At the peak of the doom and gloom is when you need to be thinking about what could go right, Jim Cramer told his Mad Money viewers Tuesday. In this market, that time was just over a week ago, when the bears assumed everything was going to go wrong.
The bears got a lot of things wrong in the haste to send stocks lower. First, they assumed Russia's war machine was a lot stronger than it actually is. That incorrect assumption was coupled with equally incorrect assumption that Ukraine's people, and its government, would head for the hills at the first sign of trouble. Neither of these things proved to be true.
The bears also got the Federal Reserve incorrect, predicting that the only way to slow inflation was to wreck our economy.
Lastly, some of the bears turned to technical analysis, latching onto the dreaded "death cross" as a sign that recession was all but certain. But, as Cramer noted, the so-called death cross only resulted in a recession six of the past 12 times it appeared. Those bears should have instead used chartist Larry Williams' indicators, which have predicted bull moves like the one we're experiencing now, 21 of the past 21 times it has appeared.
That's why when good companies get slammed on earnings, as Adobe Systems (ADBE) did last week, it pays to be a bull. Shares of Adobe are now above where they traded before reporting, making the post-earnings dip a huge buying opportunity.
Executive Decision: FedEx
It's the end of an era, as the legendary FedEx (FDX) founder, Fred Smith, announced that he's stepping down as the company's CEO. In his first "Executive Decision" segment, Cramer spoke with Smith about his career and many successes at FedEx.
Smith said he never could have foreseen the success at FedEx. While his research decades ago clearly showed a demand for overnight delivery, building a network is hard. He said FedEx had enormous upfront expenses that needed to happen before they could even ship their first package. Years later, FedEx's biggest challenge was transitioning from business-to-business shipments to the e-commerce world of business-to-consumer.
When asked about what he was most proud of, Smith said it's the opportunities they were able to give to hundreds of thousands of workers around the globe. Creating millionaires is great, he said, but helping the working class is the most meaningful.
As for what's next for FedEx, Smith explained that there are no plans to replace hard-working FedEx drivers with autonomous vehicles anytime soon, but they are looking into autonomous trucks to help with long-haul highway routes.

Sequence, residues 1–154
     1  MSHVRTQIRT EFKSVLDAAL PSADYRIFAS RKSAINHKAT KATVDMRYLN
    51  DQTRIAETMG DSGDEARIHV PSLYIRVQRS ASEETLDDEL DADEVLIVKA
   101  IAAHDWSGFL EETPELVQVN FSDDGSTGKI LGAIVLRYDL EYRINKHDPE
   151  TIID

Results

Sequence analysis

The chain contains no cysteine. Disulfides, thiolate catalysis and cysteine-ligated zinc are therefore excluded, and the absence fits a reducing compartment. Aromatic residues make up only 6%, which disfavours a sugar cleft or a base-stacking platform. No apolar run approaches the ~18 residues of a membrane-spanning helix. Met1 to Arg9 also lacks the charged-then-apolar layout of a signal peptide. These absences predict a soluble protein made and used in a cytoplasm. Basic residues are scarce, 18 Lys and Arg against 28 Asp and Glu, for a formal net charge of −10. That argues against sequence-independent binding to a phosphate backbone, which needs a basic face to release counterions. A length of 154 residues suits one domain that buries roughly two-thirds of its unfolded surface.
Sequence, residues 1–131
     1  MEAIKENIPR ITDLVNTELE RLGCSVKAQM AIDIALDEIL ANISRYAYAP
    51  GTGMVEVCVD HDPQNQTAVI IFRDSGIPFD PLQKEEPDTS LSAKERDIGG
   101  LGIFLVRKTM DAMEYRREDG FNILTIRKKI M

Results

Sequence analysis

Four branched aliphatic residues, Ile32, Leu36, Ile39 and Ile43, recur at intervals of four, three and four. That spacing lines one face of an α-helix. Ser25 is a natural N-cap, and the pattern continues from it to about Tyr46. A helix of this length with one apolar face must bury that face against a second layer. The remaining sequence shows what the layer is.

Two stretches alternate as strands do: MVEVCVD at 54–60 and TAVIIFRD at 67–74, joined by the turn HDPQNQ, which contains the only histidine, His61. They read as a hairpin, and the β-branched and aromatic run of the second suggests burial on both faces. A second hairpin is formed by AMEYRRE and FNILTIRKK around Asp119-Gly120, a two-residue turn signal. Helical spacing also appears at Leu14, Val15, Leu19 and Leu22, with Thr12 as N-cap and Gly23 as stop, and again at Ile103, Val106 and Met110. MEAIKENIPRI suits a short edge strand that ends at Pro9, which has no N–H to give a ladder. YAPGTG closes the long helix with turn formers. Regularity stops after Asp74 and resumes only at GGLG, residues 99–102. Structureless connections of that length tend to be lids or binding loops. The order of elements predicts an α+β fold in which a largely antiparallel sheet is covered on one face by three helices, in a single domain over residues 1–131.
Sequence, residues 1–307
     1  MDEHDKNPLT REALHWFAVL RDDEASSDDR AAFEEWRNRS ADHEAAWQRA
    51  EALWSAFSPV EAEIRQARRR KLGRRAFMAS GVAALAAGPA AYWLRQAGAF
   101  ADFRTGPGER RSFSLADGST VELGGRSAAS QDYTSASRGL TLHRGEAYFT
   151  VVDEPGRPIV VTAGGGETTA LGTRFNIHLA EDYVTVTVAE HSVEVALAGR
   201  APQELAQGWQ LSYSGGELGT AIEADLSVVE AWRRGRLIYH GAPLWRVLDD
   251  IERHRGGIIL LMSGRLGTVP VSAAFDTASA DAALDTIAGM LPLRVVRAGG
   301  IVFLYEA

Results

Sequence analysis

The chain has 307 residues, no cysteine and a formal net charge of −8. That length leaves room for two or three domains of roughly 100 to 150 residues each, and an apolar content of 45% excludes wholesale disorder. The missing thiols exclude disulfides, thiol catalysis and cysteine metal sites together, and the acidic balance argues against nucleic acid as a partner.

Finally, when asked about the state of global trade, Smith said that the U.S. must maintain a working relationship with China and work together to solve our imbalances.
Cramer called Smith simply "an icon."
Get Your Yeti Ready
When the market finally finds its footing, investors need to stick with real companies that have real earnings, stocks like Yeti Holdings (YETI) , the outdoor cooler and drinkware maker.
Shares of Yeti have nearly been cut in half since their November highs, but the Texas-based company hasn't missed a single quarter of earnings since its 2018 public debut. Yeti not only has a great brand, it also has a great direct-to-consumer business that boosts margins to offset rising costs.
Speaking of costs, Yeti is indeed suffering from cost inflation, but with shares trading for just 21 times earnings, down from their historical 31 times earnings, Cramer said investors can pick up Yeti for a steal, especially since the stock is seasonally hot as we head into warmer weather.
Executive Decision: McCormick
For his second "Executive Decision" segment, Cramer also welcomed back Lawrence Kurzius, chairman and CEO at spice maker McCormick (MKC) , just ahead of the company's annual investor day.
Kurzius said the demand for flavor remains strong, and as the price of dining out continues to soar, consumers are once again opting to cook at home, which involves lots of spices and sauces from McCormick.
McCormick isn't sitting still, Kurzius added, his company is keeping up with new home cooking technology like air fryers and Instant Pots and developing all new blends for these devices so you'll get great results every time.
When asked about cost inflation, Kurzius admitted that he doesn't see an end to transportation costs anytime soon. Transportation remains one of three vital components for McCormick, which also includes raw materials and packaging. All three are on the rise.
Disney: Focus on Individual Investors
In his "No Huddle Offense" segment, Cramer said executives at Walt Disney (DIS) should consider taking a page from CEO Adam Aron's playbook at AMC Entertainment (AMC) . Aron's moves to keep individual investors happy might not make sense to industry analysts, but it's been a big win for the company.
Cramer suggested that if Disney offered perks to shareholders at its parks, resorts or cruises or perhaps discounts at movies or its streaming service, it could usher in a whole new class of shareholders. These shareholders wouldn't care about quarterly results, they'd be long-term investors who truly cared about the company.
Passionate shareholders are an important piece of AMC, and also at Tesla (TSLA) , Cramer concluded, and they should be a big part of Disney as well.
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